Did you know that Reno and Las Vegas are two of the fastest warming cities in the United States ? As a native Nevadan, this both shocks and worries me. Reno has always been my home, and I hope it always will be. But the effects of climate change could change the beautiful city I’ve always known into a place I don’t want to live. Our state, our country, and our world are in danger as a result of climate change.
I am 14. I wasn’t around when the Pacific Garbage Patch started forming, or when humans invented cars that released carbon dioxide into the atmosphere. Such things cause climate change, a threat my peers and I face as we grow up. It’s an issue with disastrous consequences that we will be forced to handle, even though we didn’t create the problem. Climate change isn’t such a pressing issue for my parents or our Congress people, because this threat will create its most disastrous consequences long after they’re gone.
That’s why I joined Schools for Climate Action (S4CA). The S4CA is a non-partisan, grassroots, youth-adult campaign with a mission to empower schools and students to speak up for climate action in order to protect current and future generations. As a member of the S4CA, I believe climate change is not a political issue, but rather, a generational justice and humanitarian issue. About 30 members of the S4CA, including myself, will be heading to Washington , D.C. to meet with Congress people and advocate for climate change. We will be hand-delivering our
school district’s and student council’s climate action resolutions on Capitol Hill.
Here in Washoe County , the school board passed a climate action resolution in December, 2018. I spoke at the meeting that day, presenting to the board my stance on climate change. I might just be one voice, but as a student and young person, I have a powerful position in the fight for climate action. I am the only member of the S4CA going to D.C. from Nevada , so I will be delivering the resolution to the Nevada delegation. I’m also working with my school’s student council to pass a climate action resolution.
I wish it wasn’t so hard to get people to agree on climate action. Every day, the clock is ticking. We are losing our Earth. I love going to Lake Tahoe . I’m really lucky that I live close enough to go often. But climate change is even hurting my backyard. Lake Tahoe has warmed by more than 6 degrees in the last three years, and it’s only getting warmer. The air temperature at the lake is warming every year, too, and Tahoe, known for its clarity, is getting murkier by the day. I was shocked when I found out that climate change was affecting the lake. I knew it was harmful in other regions, but its magnitude didn’t hit me until I learned that it affects me personally. I think that’s the mindset for a lot of people: they don’t see the immediate effect of climate change close to home.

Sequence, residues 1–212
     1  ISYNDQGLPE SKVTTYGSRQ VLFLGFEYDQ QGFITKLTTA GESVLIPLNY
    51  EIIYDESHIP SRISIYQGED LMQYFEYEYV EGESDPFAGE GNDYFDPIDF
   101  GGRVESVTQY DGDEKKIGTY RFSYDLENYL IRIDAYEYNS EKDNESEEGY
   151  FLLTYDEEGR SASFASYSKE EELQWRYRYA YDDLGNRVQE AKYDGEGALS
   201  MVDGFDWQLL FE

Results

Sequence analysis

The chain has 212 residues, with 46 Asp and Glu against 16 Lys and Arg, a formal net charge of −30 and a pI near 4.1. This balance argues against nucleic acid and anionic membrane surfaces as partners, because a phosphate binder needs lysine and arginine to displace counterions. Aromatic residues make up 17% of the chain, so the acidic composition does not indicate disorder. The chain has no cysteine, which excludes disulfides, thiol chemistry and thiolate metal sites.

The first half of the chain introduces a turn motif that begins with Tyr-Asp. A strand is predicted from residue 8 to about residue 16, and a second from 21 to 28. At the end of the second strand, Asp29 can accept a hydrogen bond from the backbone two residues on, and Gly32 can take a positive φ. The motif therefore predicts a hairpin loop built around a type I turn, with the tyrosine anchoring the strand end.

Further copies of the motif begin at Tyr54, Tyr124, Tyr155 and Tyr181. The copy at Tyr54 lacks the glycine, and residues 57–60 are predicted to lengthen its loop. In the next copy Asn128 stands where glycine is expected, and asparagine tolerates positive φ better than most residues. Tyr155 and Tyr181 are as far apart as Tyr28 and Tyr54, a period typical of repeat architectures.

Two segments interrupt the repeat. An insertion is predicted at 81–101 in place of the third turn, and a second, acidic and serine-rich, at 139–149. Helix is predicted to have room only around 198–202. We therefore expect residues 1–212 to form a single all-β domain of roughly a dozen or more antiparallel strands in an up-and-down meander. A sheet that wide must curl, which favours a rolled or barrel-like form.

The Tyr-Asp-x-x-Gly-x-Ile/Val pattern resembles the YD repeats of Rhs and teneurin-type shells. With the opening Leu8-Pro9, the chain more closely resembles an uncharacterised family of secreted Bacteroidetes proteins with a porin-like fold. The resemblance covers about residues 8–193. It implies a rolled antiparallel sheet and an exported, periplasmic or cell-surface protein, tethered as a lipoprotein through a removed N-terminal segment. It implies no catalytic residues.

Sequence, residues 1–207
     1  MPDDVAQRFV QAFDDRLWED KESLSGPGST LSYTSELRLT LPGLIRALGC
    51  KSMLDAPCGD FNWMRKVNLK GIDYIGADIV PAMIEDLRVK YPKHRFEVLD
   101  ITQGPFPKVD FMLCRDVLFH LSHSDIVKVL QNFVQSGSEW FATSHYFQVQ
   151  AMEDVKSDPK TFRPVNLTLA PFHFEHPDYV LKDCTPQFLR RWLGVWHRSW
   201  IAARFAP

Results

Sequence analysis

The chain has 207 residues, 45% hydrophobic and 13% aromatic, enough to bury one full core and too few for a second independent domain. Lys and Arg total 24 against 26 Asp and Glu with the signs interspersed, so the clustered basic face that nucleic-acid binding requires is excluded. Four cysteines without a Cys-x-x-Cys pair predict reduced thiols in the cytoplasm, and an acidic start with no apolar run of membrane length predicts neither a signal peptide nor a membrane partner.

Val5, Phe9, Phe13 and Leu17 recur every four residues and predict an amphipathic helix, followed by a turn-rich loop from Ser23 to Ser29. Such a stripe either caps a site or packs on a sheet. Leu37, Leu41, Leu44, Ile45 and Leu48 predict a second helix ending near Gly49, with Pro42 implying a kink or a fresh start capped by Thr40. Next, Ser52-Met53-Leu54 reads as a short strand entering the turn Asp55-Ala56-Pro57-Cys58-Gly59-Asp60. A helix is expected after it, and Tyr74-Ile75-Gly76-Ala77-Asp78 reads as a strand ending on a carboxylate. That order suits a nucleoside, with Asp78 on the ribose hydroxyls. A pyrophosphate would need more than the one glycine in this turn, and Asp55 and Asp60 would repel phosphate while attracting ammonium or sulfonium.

There are plenty of steps we can take to stop and reverse climate change. One that I really like is Project Drawdown. It offers 100 comprehensive solutions to reverse climate change. There are many suggested solutions specific to women and girls. I also adore the book, “Drawdown—The Most Comprehensive Plan Ever Proposed to Reverse Global Warming,” edited by Paul Hawken..
I think the Green New Deal is great, in theory. If we all work together, the U.S. could be running on 100 percent clean energy. One of the most important steps is to communicate. I can’t do it alone; the S4CA can’t do it alone, which is why we’re going to D.C. Educating people, young people and adults, is crucial. People need to understand the immediate effects of climate change. The problem is urgent, and the more people on board, the better.
Of course, there are smaller things we can all do, too, like recycling and composting and using reusable utensils, water bottles, and canvas bags instead of plastic bags. If we all do these simple things, we can save Lake Tahoe and save our future generations from the consequences of climate change. We can keep Nevada the beautiful state that it is. As long as it takes, I will fight for my rights to a clean, wholesome, beautiful Earth.
And everyone should do the same.
Carrie DeBarger is a high school freshman from Reno . She is a youth climate activist, a member of the Schools for Climate Action organization, and a lover of hiking and exploring the beautiful Sierra Nevada . For more information on Schools for Climate Action: https://schoolsforclimateaction.weebly.com/